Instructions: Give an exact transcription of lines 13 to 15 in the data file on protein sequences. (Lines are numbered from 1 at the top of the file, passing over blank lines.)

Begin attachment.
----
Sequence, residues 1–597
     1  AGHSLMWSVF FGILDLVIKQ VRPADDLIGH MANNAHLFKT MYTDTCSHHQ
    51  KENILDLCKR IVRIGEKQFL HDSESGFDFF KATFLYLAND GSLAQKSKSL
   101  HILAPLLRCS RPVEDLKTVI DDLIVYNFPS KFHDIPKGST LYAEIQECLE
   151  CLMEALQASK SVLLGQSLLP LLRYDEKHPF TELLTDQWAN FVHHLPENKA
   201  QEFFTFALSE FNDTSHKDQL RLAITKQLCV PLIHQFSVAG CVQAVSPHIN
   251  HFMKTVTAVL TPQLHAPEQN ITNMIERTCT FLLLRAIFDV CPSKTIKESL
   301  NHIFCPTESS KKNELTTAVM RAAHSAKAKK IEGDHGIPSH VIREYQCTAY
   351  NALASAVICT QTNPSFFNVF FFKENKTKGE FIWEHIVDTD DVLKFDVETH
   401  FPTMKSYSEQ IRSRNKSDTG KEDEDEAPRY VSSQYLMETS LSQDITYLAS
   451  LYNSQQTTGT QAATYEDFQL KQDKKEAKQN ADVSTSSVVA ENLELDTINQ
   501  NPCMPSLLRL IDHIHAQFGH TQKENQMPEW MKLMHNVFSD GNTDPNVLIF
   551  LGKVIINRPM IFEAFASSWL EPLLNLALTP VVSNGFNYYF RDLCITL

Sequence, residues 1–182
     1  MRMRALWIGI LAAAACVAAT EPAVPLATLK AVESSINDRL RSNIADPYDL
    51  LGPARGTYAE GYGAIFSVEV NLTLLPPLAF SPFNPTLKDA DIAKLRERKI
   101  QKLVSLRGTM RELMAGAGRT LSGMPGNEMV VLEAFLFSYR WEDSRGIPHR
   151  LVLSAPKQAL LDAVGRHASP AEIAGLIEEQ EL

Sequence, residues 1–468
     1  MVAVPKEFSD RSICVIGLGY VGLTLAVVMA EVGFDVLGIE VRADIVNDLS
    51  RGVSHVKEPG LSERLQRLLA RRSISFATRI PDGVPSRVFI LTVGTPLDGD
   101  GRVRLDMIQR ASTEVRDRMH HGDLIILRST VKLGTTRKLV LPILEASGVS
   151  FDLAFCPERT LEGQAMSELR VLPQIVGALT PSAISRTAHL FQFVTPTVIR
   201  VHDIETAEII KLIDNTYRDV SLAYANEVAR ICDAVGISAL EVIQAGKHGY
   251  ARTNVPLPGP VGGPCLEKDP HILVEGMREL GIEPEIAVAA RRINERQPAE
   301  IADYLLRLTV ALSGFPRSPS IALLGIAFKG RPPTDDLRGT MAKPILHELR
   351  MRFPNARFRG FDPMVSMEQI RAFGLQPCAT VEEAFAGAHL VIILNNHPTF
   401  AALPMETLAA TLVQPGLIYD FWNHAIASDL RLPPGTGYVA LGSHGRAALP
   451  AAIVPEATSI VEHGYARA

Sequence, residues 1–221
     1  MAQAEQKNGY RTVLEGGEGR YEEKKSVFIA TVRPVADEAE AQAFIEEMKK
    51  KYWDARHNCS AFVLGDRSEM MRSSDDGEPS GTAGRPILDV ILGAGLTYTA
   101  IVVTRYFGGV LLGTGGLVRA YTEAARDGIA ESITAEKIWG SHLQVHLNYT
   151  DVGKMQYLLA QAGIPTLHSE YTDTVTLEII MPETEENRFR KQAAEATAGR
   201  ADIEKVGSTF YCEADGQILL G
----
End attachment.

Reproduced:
   551  LGKVIINRPM IFEAFASSWL EPLLNLALTP VVSNGFNYYF RDLCITL

Sequence, residues 1–182
     1  MRMRALWIGI LAAAACVAAT EPAVPLATLK AVESSINDRL RSNIADPYDL